degrees, but 45 degrees is acceptable.
    We received one comment regarding new construction. The commenter 
suggested including the manner in which conditions of structural 
impracticability may be petitioned to FTA. In response, we added the 
suggestion that transit agencies should contact the FTA Office of Civil 
Rights.
    We received numerous comments on the ``Alteration of Transportation 
Facilities'' section. Several commenters believed this section expanded 
the regulations concerning the various concepts of alterations, 
technical infeasibility, usability, and disproportionate cost. In 
response, we revised the section by incorporating suggestions and 
clarifying the requirements and discussion. Although we proposed to 
introduce the topic by citing the regulatory language and providing 
definitions and a case law example, commenters expressed concern with 
this approach. In response, we revised the section's introductory 
paragraph to explain the two types of alterations (as described in 49 
CFR 37.43(a)(1) and (a)(2), discussed below), as well as to note the 
difference between the two types, and the requirements for alterations.
    Commenters' concerns generally centered on FTA's interpretation of 
49 CFR 37.43(a)(1) and (a)(2). Importantly, there is a distinction 
between these two provisions. Section 37.43(a)(1) applies to 
alterations of existing facilities that could affect the usability of 
the facility--what we have labeled in the final Circular, ``General 
Alterations.'' When making general alterations, the entity ``shall make 
the alterations . . . in such a manner, to the maximum extent feasible, 
that the altered portions

[[Page 60230]]

of the facility are readily accessible to and usable by individuals 
with disabilities, including individuals who use wheelchairs, upon the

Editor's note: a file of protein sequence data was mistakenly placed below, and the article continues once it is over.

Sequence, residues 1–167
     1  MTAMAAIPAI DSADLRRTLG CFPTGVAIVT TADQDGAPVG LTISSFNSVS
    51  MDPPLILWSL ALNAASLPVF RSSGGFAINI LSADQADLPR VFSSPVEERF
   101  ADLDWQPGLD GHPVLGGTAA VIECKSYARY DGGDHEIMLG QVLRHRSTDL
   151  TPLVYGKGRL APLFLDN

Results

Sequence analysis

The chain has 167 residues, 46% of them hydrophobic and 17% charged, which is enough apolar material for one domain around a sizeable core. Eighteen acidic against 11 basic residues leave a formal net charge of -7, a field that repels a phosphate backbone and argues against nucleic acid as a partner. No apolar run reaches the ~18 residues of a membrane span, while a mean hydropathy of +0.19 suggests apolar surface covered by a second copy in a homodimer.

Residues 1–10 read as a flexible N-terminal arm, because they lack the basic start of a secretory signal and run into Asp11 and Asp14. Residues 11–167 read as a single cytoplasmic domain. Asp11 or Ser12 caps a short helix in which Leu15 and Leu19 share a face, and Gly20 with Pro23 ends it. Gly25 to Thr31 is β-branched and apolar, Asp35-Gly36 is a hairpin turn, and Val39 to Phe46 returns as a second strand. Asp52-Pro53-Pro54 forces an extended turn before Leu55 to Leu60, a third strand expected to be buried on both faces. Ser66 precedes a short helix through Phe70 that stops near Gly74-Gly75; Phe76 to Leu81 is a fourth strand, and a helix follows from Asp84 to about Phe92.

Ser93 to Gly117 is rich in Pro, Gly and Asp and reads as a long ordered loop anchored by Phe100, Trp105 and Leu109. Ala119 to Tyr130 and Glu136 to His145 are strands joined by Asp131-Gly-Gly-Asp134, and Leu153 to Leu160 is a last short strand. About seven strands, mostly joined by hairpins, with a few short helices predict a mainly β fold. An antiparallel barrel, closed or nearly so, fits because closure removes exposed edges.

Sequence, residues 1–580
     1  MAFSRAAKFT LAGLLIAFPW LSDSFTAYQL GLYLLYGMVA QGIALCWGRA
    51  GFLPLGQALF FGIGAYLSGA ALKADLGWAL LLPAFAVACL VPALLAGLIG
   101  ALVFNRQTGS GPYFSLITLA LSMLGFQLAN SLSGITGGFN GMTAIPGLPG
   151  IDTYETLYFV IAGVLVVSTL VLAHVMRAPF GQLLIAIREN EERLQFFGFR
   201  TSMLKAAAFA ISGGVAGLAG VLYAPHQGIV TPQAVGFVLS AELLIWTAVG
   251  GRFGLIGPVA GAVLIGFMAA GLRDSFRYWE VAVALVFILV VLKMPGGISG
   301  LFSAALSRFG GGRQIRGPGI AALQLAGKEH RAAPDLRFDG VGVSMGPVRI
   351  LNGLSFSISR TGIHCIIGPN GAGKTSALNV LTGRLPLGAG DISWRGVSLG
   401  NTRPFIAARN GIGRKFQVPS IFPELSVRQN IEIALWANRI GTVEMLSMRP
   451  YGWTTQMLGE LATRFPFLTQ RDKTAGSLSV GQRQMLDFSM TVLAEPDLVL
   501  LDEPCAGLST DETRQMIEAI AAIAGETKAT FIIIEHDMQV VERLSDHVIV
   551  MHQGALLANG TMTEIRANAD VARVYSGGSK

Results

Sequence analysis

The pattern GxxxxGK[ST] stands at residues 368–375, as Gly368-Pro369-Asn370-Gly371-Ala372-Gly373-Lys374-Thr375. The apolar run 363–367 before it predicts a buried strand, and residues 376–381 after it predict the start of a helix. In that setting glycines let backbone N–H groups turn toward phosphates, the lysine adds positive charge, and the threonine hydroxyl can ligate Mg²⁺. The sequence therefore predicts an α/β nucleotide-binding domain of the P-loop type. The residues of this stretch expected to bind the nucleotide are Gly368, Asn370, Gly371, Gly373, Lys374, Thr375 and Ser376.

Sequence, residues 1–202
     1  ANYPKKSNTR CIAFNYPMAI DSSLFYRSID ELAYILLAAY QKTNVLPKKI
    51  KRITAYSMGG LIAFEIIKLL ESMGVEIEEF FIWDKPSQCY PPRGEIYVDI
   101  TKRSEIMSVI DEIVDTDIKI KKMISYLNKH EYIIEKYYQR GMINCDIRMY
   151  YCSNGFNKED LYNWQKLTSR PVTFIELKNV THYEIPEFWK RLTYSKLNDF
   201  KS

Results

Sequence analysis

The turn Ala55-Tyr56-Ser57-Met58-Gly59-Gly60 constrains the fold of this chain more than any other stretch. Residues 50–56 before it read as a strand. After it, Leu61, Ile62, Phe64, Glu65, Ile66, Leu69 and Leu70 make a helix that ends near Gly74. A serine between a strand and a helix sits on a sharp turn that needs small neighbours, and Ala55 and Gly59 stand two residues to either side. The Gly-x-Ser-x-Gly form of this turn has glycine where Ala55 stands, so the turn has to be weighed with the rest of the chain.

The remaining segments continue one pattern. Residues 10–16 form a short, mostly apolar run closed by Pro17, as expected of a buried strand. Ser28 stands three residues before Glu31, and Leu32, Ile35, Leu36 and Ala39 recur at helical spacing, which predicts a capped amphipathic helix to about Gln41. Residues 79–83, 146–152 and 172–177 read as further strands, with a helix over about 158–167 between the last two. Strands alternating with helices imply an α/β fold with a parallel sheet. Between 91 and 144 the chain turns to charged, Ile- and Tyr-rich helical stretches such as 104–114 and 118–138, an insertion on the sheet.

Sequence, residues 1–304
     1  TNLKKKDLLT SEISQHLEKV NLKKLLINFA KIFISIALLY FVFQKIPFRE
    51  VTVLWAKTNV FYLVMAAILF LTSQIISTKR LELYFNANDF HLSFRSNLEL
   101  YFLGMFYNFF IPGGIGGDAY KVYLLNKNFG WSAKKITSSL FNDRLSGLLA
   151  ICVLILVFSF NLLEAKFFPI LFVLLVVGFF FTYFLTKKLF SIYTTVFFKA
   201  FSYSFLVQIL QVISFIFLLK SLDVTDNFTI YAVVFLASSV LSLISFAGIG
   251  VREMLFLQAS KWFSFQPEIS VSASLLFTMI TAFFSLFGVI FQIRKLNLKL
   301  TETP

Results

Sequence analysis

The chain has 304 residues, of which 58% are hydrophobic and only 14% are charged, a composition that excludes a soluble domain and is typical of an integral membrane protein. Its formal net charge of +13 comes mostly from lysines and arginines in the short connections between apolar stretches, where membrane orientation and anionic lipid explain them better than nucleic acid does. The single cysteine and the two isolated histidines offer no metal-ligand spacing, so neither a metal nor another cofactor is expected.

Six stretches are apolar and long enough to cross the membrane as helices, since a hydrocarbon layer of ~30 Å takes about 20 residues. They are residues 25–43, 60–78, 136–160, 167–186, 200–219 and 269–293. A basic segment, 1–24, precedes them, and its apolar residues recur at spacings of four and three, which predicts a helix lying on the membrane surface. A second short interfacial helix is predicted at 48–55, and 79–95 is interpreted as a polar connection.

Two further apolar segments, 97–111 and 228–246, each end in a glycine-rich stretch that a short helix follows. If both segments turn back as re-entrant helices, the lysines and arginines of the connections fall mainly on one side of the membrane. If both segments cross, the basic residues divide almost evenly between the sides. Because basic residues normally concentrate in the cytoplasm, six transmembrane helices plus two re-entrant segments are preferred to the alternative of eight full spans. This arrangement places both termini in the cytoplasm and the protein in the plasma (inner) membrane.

completion of such alteration.'' In section 37.43(a)(1), cost is not a 
factor.
    On the other hand, section 37.43(a)(2) provides that when a public 
entity ``undertakes an alteration that affects or could affect the 
usability of or access to an area of a facility containing a primary 
function, the entity shall make the alteration in such a manner that, 
to the maximum extent feasible, the path of travel to the altered area 
. . . [is] readily accessible to and usable by individuals with 
disabilities, including individuals who use wheelchairs, upon 
completion of the alteration. Provided, that alterations to the path of 
travel . . . are not required to be made readily accessible to and 
usable by individuals with disabilities, including individuals who use 
wheelchairs, if the cost and scope of doing so would be 
disproportionate.'' This provision is discussed in the subsection, 
``Areas of Primary Function and Path of Travel.''
    Some commenters asserted this is a new interpretation, the 
interpretation adds regulatory requirements related to alterations, is 
inconsistent with the statute, and amounts to an unfunded mandate. 
Importantly, while the issue of alterations to the path of travel 
itself does not arise frequently, this is not a new interpretation by 
FTA. For example, in 2011, subsequent to a compliance review, we found 
a transit agency deficient when it made alterations to a pedestrian 
overpass and two sets of stairs but did not analyze the feasibility of 
making the station fully accessible, and did not make the station fully 
accessible. Further, the plain language of the ADA and DOT's 
implementing regulations, federal appellate case law, and the 
Department of Justice's (DOJ) interpretation of the ADA's legislative 
history each dictate that costs and cost-disproportionality related to